“Dear Editor,
I recently received my 9-year-old son’s yearly schoolwork portfolio from his fourth-grade teacher, and I was pleasantly surprised to find included an account of his impressions of the Eastern Division Meeting in Washington, D.C. this past winter. In the interest of full disclosure, it should be noted that my family chose to accompany me to the meeting despite my warnings!
In any case, here’s what Atticus had to say.
[see attached document]
Charles Bolyard
“2 days after Christmas I went to a philosophy confrence [sic]. It was horrible. There were 200 philosophers. They all did weird things. They couldn’t make jokes, many had beards.
In the elevator it was worse. Once a philosopher got off on the wrong floor, so said, “wait for me.” “We’ll take you to the 27th,” said another. Nobody laughed. “Get it there are only 10 floors,” said some random old guy in a country accent. You get the point it was creepy.
A few days later there was a fire. Only one person was hurt, but everyone did weird things. Like people were standing in the roads, so nonphilosophers had to lead them out. Some people went back into the hotel. Firefighters had to lead them away. Still one guy stayed and had his bags blocking the door. Firefighters told him to move his bags, so he did, but when they left he put them back. I’ll never go to a philosophy confrence [sic] again.””

9 years ago

I was there, but didn’t know people were let into the ballroom! We were stuck outside the whole time, and it was damned cold.

It was pretty enjoyable watching job seekers schmooze committee members in their (seekers and members both) jammies, though.

Our favorite theory at the time was that the fire started with a job seeker self-immolating in protest.

But that 9 year old’s description is so perfect. It really looked like a mental institution had released all the inmates. Or like that Monty Python philosophers on the football field bit.

idrather notsay
idrather notsay
9 years ago

I was at the APA for the fire, and I have a vague memory of it seeming suspicious, and reading or hearing about other fires in that same hotel?

Michael Kremer
Michael Kremer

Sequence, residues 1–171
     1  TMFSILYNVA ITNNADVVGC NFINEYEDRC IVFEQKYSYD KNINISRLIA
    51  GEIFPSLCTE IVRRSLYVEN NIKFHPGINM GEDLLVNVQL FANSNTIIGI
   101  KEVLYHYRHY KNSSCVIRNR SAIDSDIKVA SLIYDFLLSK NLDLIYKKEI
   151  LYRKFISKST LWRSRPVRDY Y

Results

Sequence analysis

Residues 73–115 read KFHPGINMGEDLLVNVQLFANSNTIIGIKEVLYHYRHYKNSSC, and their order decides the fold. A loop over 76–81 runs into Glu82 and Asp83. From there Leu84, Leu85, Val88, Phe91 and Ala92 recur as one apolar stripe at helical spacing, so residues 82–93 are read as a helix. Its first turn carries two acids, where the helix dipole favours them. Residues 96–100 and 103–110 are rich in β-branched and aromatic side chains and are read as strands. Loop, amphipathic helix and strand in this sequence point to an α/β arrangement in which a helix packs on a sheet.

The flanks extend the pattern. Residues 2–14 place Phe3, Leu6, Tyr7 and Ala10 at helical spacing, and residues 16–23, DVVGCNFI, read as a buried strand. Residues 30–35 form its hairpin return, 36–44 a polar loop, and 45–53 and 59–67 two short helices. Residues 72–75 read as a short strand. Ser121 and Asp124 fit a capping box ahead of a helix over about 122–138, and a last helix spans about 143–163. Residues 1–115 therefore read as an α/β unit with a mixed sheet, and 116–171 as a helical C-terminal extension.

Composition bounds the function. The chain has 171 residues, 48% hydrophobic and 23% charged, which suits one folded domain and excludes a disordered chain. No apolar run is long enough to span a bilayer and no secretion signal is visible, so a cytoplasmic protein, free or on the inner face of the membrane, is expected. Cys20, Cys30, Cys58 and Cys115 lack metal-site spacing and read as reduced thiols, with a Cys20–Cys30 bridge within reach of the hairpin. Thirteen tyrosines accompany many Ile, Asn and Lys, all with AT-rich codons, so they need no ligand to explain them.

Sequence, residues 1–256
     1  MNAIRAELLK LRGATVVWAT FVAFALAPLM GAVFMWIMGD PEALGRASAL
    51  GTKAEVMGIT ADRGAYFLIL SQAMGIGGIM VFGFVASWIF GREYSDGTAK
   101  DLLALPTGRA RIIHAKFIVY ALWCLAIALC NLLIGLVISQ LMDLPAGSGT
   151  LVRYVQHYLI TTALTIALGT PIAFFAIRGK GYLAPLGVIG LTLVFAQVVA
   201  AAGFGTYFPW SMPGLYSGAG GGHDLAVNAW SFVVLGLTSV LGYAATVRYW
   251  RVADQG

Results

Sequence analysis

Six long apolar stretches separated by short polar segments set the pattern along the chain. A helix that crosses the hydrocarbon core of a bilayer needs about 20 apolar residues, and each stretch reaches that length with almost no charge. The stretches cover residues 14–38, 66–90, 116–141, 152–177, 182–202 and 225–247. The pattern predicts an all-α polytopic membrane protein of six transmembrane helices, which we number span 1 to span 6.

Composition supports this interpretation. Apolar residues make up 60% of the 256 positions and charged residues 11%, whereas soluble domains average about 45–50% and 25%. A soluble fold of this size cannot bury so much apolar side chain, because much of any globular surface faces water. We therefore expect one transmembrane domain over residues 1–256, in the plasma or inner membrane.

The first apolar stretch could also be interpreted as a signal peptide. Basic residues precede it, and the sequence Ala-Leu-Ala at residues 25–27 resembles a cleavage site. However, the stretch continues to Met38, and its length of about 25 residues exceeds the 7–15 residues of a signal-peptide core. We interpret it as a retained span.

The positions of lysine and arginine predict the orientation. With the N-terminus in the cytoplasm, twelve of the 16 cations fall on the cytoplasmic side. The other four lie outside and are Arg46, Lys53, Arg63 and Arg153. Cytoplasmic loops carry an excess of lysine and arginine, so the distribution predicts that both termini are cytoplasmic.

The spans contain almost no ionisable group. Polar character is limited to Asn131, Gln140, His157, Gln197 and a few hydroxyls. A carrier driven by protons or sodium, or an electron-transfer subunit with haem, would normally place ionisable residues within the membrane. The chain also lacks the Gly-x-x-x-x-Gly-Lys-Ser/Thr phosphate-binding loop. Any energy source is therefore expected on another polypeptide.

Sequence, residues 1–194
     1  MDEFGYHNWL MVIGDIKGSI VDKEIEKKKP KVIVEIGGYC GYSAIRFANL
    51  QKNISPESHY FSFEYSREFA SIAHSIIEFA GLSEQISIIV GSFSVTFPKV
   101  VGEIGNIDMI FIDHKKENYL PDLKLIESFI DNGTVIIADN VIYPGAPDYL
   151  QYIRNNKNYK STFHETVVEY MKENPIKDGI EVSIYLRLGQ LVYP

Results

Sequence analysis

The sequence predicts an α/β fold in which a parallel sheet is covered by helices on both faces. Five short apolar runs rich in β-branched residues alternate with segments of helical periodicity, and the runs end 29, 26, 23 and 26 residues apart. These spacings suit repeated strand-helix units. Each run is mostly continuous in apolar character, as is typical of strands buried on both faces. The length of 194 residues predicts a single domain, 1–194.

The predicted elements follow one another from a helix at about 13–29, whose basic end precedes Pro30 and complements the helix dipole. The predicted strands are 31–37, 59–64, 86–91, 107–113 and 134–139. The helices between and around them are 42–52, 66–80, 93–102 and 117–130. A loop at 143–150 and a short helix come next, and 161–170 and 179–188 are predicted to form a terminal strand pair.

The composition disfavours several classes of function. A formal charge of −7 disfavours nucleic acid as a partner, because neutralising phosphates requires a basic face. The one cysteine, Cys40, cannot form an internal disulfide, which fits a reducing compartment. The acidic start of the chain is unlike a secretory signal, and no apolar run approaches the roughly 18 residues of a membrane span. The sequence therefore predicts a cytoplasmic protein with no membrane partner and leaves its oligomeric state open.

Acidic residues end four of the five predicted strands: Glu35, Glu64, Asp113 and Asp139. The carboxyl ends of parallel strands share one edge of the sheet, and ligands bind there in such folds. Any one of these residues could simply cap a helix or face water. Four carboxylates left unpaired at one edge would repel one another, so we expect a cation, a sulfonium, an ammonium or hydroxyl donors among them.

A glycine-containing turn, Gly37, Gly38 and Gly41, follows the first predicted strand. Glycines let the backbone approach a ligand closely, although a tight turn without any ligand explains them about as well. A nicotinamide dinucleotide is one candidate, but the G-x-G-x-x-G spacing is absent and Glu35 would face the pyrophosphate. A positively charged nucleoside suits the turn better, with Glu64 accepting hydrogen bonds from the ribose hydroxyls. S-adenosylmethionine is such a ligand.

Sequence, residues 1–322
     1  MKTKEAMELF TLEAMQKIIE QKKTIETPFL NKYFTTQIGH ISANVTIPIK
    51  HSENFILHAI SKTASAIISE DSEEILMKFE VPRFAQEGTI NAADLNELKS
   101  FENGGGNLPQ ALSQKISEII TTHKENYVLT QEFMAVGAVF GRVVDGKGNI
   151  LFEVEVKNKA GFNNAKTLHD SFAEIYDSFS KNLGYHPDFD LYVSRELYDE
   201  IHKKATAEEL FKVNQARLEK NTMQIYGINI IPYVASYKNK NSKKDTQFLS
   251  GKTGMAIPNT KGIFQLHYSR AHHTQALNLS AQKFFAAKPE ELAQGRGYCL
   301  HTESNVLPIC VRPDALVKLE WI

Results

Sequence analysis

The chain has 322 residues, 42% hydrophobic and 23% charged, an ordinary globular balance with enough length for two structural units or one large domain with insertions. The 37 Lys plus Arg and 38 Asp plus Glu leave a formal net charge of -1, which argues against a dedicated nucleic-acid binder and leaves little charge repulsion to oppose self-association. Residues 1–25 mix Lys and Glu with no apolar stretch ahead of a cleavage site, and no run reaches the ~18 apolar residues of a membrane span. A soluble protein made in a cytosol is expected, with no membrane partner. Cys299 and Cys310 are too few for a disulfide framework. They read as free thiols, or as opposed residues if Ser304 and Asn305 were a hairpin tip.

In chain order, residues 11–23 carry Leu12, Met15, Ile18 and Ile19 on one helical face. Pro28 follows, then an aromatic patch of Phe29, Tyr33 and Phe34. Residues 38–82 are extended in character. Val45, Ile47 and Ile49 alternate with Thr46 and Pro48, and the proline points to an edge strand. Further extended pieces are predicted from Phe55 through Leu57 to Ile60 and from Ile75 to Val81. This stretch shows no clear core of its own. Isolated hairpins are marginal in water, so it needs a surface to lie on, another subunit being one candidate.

9 years ago

This is much further back… There was also a fire at a hotel at the APA in Washington in 1989. It was not the main conference hotel, but it was right across the street, and many conference goers were staying there. (I found a story about this in the Washington Post online, 12/29/1988, p. B4, which names the hotel as the Omni Shoreham and states the fire was 2-alarm and started around 9 a.m. 12/28; according to the APA proceedings from that year, the conference hotel was the Sheraton Washington, which is now the Marriott Wardman Park). I remember this well, because I was in the shower getting cleaned up for an interview to take place an hour or so later, when the alarms went off. I grabbed my bathrobe and went downstairs. There was a lot of smoke, and we had to crawl along the floor to get unde it, and of course walk down the stairs. We had to go down to the main lobby where we were permitted to camp out while the firefighters came and dealt with the fire (which was minor — I always thought it was in the kitchen but the Post article I dug up tells me it was mattresses stored in an unused meeting room). Meanwhile the lobby was full of philosophers — and also of the other group using the hotel for a meeting, something like transcendental meditators. So there we were in our tweed jackets (or as the case may be, bathrobes), talking shop, and there they were on their mats, meditating. My thought at the time: if a random visitor was told that half the people in the room were philosophers, which group would he or she pick?

(Oh, and I did make it to the interview, with time to change; it only took about half an hour for the firefighters to settle everything.)

9 years ago

An American University professor may be a suspect in the case. See this Washington Post article. (via Steven Gross)